Tuesday, September 08, 2015

Zombie Walk

Just saw photos from the annual Vancouver zombie walk in the news. I don't know what I was thinking. I should know better by now. There was a woman, dressed as a nurse, big fat smile on her face, holding a sign that said "Call the Midwife" (a tv show I never have and never will watch) and holding a doll of a bloody baby dangling upside down from an umbilical cord. I am feeling an intense rage that some people can find that funny, that my little boy's death, my tragic life-changing experience and the experiences of so many people I now know, can be someone else's good time. Thank goodness our family was nowhere near that event, that our daughter didn't have to see that, that we didn't have to see that. To me, these acts are not harmless fun. And it's actually less about protecting ourselves from these images than the link I can make between them and my son's stillbirth.

People have an extreme fear of death. I know this, and have felt it myself, though my son has experienced it before me and that gives me courage. People don't want to think about the inherent sadness of life, the permanence of death. Who can blame them? But then you miss out on the progression of these ideas - that death is a strange gift that no one wants, but that has the potential to enrich our lives in a meaningful way. Not the death of babies, no, that should never, ever happen. But the thing that makes our lives so incredibly special is the fact that it ends. People don't want to think about that because it's hard. I know how hard it can be. And there is a belief that we are only here on this planet to Be Happy! and Have Fun! And so there is a war on sadness, and the sacredness of life and death are turned into a big joke. Death is depicted in its most grotesque forms, but most people don't actually talk about it.  They steer clear of their friends who are dealing with the death of a loved one instead of trying to compassionately share the burden. They send their dying friends Get Well cards instead of having loving exchanges while they can. They avoid thinking about their parent who died when they were young. They stop thinking and talking about people they cared about who have died. That is truly a loss.

I often think that silence killed my son. A conspiracy of silence so entrenched that it didn't even occur to my highly educated and experienced doctor that my baby could die at 38 weeks of low-risk, uneventful pregnancy. People like the woman in that photo think they are laughing in the face of death, that they are being brave and that it makes them "stronger". After three years of learning to live with my baby's death, I truly believe that it is acknowledging the sadness, admitting the fear, getting familiar with that feeling of vulnerability (can't quite bring myself to say "embracing" it), that gives us true strength, that allows us to live meaningful lives, and feel deep gratitude and joy.

Right now, I am not joyful, nor grateful. I'm just angry. Once the anger subsides a bit, I will feel the searing pain, and the shock all over again, that he is not here with us. And the vulnerability. Anyone we love can be taken from us at any time. Where is the strength, the gratitude, the joy? Not here. Not yet. But before all that, there is hope. Despite everything, I have not lost a sense of hope. Sometimes it's very, very tiny, like now, so tiny that I don't actually feel it. But I do know it's there. Pretty amazing.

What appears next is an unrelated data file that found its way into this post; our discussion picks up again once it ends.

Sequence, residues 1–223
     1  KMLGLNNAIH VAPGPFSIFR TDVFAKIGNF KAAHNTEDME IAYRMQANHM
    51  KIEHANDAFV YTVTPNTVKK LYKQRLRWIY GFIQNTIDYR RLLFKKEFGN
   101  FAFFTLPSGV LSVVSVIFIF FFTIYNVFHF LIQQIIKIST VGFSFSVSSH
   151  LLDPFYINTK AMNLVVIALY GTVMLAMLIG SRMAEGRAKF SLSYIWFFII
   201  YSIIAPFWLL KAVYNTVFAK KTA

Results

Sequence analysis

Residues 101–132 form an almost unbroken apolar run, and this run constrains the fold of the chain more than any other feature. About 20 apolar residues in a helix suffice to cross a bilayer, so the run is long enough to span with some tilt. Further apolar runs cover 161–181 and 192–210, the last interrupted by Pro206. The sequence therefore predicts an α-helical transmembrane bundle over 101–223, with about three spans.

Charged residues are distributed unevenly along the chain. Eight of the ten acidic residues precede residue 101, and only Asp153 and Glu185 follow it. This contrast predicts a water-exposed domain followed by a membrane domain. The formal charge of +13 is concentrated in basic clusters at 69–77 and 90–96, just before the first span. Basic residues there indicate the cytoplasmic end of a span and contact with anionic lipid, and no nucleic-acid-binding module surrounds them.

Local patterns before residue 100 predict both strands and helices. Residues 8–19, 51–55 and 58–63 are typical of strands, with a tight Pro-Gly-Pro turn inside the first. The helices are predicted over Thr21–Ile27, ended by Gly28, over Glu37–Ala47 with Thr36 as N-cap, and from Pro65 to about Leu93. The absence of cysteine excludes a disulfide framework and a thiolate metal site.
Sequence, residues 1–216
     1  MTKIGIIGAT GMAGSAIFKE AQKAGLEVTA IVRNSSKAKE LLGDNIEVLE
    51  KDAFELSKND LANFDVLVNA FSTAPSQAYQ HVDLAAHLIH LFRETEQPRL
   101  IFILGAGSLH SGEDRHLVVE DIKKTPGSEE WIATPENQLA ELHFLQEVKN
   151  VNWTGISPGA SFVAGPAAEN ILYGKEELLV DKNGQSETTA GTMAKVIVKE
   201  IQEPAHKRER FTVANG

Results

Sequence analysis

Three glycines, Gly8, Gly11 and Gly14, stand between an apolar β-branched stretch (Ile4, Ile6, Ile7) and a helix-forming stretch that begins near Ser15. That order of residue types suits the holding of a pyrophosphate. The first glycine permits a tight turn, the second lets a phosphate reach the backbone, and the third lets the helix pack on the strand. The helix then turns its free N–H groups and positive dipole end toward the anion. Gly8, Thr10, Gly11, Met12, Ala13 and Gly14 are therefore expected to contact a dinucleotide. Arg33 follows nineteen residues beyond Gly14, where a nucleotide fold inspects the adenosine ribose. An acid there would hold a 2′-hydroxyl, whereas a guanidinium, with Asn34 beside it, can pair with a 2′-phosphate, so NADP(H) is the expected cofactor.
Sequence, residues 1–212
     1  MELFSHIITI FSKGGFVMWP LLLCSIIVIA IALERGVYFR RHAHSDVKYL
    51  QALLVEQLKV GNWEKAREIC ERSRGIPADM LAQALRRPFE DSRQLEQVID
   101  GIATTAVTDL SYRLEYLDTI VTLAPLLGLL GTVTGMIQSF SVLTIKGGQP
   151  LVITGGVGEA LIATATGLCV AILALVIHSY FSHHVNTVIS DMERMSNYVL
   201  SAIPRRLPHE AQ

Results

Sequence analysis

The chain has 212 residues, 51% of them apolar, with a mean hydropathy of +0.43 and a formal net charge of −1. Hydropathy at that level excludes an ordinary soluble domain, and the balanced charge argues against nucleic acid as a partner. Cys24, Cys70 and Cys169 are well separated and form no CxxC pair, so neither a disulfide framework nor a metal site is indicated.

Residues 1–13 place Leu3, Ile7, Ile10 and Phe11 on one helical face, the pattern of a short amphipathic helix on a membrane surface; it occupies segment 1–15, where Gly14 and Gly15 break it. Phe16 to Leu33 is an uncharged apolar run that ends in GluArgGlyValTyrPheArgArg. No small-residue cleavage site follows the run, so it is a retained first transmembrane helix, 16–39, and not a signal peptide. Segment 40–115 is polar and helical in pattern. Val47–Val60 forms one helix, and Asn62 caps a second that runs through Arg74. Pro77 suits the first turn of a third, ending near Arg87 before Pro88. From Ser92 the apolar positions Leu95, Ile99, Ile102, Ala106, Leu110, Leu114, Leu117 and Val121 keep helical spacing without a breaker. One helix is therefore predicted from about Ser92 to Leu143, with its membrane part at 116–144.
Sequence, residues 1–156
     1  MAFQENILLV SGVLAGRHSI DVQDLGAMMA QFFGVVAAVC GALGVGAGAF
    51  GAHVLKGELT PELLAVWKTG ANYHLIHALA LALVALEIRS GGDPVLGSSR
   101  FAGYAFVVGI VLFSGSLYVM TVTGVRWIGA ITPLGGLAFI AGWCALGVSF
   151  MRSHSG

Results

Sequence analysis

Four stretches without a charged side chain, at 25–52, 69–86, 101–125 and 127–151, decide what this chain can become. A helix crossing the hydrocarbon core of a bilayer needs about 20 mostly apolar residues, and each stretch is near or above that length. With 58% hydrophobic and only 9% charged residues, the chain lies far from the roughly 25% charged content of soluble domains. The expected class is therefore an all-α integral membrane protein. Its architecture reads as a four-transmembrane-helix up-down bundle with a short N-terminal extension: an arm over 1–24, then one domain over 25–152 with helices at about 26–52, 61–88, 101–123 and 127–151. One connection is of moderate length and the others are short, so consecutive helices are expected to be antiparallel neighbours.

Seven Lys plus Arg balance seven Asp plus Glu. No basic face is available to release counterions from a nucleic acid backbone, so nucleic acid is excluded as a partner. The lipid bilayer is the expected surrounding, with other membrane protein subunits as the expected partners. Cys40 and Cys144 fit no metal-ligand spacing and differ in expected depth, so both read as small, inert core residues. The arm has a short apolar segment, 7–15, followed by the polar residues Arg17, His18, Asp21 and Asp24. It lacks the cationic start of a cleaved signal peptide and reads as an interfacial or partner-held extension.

Sunday, May 10, 2015

When Mothers Day Means Remembering Loss

To whom it may concern:

As a bereaved mother of a stillborn baby boy, I was deeply hurt to read this description of him in one of your recent articles: "a child that never was". There is so much misunderstanding about stillbirth, the most harmful one being that people don't seem to understand that it is the death of a beloved child. If your story was about a 2 year old who had died, would the writer have called him or her "a child that never was"? When our grandparents or parents die, do we think of them, and refer to them, as people who never were? I can assure you, with immense pain and sorrow, that my son WAS. I was 37 weeks and 5 days pregnant when I delivered him. He weighed 6 lbs 10 0z and measured 19.9". And he was perfect. He died of an umbilical cord accident. And you cannot die without first living. To his family and those who care about us, he most definitely was, and continues to be, a real person in our lives. It feels ludicrous to even have to assert this. I hope in the future, you will take more care to not add to bereaved families' burden of grief.

Sincerely,
Andrea R.
(Toren's heartbroken mom)

Wednesday, May 06, 2015

Mother's Day 2015

Last Sunday was "International Bereaved Mother's Day". I understand it and I am baffled by it. I disagree with it and I support it. It raises awareness and it adds to the confusion. I think it's brilliant and it annoys the hell out of me. The usual babyloss contradictions and juxtapositions. The explanation for the creation of this day can be found here.

The thing is, I think a separate bereaved Mother's Day only works if your child died at any time after his or her birth. For bereaved parents of older children, I can see how it might create a loving space to acknowledge that loss. On that day, people are invited to meet bereaved parents where they're at. There is sadness but there can also be beauty in that. But there is so much confusion about stillbirth that I wonder if a separate day doesn't create almost too much space. Isolation. Avoidance. Exclusion. These things exist as well for people whose older children die. But with stillbirth there is a lack of validation - that "stillbirth" is a type of child death, just much earlier in the life of the child. When people hear about Bereaved Mother's Day, do they even think of women who have delivered stillborn babies?